Yesterday, the company I work for had an "emergency preparedness fair". I applaud the company for having this fair, but it got me to thinking about first aid kits.

The company gave out a keychain type first aid kit, and while certainly better than nothing, it is really a "boo-boo" type kit.

What do I mean by a boo-boo kit?
A boo-boo kit is really a first aid kit that is meant for minor cuts, scratches and the like.

Let's look at the contents of the kit they gave out

Now, this isn't a bad little kit, but it's really meant for small cuts, scrapes and the like, which are the most likely injuries you will run across.

The problem is, this type of kit is almost a 'comfort' type kit. Just about everything you can treat with this kit can, well, wait. Yes, you might be uncomfortable, but you're probably not going to be in any serious risk

Now, when we discuss 'First Aid' kits, we have to ask the next question, what is the purpose of the kit?
A first aid kit for minimal carry, such as the kit mentioned above is going to be a very different kit than a kit you have in your car, which will probably be different than what you have in your home, and should be quite different than the kit you keep in your workshop (if you have one)

NOTE: I will NOT be discussing what drugs I think you should carry in your kit. There is too much liability, and it's too much of a personal choice. I will say that you should carry a minimum of 1 day of whatever prescription drugs you take with you even in your carry kit, and go from there.


Probably the most important thing you can do is get a bit of training. Contact your local Red Cross, and take their CPR with First Aid class.

Carry Kits

Let's think about the little kit above, and how we can make it better, without making the kit too big to carry, and with very little expense.
The first thing I'd add would be at least one, and preferably two '4x4' gauze bandages. Now, I've used a lot of 4x4s over the last few years, and I've found that some are very lose weave, and can hold almost no fluid, and others are great. I happen to like the Johnson & Johnson brand Gauze Pads. They are about as thick as two 'normal' gauze pads.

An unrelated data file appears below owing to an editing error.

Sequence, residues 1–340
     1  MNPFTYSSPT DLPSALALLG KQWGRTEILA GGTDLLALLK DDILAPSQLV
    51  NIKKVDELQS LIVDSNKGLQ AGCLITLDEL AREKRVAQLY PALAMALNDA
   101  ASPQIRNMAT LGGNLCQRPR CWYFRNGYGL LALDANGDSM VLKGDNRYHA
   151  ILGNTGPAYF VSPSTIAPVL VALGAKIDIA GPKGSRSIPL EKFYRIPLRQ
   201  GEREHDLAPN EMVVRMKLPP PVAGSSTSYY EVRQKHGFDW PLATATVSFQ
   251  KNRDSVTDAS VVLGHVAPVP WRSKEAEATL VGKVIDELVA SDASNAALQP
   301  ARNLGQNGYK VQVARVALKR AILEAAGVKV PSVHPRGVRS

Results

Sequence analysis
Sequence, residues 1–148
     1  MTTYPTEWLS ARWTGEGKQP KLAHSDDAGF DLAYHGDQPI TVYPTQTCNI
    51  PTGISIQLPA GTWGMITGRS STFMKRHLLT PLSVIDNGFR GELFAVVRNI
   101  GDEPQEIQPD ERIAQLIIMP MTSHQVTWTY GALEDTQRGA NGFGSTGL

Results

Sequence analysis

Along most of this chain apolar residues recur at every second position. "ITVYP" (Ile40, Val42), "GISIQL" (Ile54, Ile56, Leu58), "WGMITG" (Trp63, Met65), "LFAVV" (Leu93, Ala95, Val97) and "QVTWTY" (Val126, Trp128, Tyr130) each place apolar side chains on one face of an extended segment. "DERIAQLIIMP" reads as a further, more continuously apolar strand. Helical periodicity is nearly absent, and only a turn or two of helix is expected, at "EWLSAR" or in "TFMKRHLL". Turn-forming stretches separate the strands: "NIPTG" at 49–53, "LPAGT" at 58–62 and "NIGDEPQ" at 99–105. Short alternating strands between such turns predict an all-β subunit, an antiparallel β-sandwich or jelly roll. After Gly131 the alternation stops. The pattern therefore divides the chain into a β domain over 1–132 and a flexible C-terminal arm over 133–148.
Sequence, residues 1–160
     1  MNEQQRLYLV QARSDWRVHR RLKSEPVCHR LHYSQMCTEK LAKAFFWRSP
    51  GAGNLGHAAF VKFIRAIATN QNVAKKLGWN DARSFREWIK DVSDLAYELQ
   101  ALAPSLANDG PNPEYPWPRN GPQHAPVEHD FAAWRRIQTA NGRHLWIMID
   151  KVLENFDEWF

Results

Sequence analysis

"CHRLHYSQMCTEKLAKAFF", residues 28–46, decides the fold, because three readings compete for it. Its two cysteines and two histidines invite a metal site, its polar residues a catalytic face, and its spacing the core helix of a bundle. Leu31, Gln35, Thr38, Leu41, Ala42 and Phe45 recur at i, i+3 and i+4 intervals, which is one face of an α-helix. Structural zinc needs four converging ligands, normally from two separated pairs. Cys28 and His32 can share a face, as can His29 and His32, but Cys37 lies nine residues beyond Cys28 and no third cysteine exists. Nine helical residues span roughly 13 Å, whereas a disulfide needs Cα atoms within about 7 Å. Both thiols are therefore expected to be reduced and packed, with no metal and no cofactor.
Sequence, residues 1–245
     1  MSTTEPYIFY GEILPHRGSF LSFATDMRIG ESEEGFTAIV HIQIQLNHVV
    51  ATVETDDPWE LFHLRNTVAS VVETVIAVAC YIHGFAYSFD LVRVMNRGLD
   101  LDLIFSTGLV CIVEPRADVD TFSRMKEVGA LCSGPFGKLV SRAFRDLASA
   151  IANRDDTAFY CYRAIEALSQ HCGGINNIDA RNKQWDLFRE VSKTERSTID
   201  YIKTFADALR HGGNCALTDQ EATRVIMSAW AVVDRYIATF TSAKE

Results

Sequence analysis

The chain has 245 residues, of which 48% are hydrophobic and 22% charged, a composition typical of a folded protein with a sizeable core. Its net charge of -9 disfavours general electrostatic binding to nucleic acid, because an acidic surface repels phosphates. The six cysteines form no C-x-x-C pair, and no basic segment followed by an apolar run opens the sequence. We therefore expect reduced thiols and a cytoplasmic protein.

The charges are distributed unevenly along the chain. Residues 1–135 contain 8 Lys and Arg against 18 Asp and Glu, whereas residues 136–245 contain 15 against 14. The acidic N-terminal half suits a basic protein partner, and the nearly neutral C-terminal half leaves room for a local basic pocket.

Obviously, you're going to have to add a bit of tape to hold the bandage on. 3M makes sheets of pre-cut tape strips for doing this, or you can get a roll of tape, and stick a few strips on a clean piece of hard plastic.
Believe it or not, this one simple change makes your kit a lot more versatile. The 4x4 can cover a large scrape, it can cover a cut larger longer than say 1/2 inch, and just has so many uses.

House/Car kits

Let's start with the general idea that you have no training. What you really need is a larger version of what is in your carry kit.

In a car kit, I personally also like to have some sort of trauma bandage. I can remember as a young teen, I was the first person to get to the scene of a fairly nasty car accident, and having something beside a rag to put over the guys wound to apply direct pressure sure would have been nice.
You'll note that I don't mention things like suture kits and the like. If you're NOT trained, don't do it. Just DON'T. It's way too easy to trap things that will cause infections in there. If you're NOT a backwoods hiker, you're probably going to be in the ER fairly quickly, let the pros handle it.

Shop Kits

Kits for the home workshop are really just bigger/better home kits, basically with the idea that something VERY bad can go wrong, fast. Fingers can get amputated, cuts bad enough to require stitches happen a lot more often than you think. Some sort of trauma type bandage should be in there, be it a 'bloodstopper', or what they call a battle bandage.

Other thoughts

There are a lot of GOOD first aid kits out there.Redflare sells some good kits on his site. On other sites, I've seen lot of kits that are nothing more than expensive, large boo-boo kits.

One great place to learn about first aid kits, and other disaster preps, without it being a 'survivalist' site is Equipped to Survive (Disclaimer - I am the Urban Preparedness section moderator)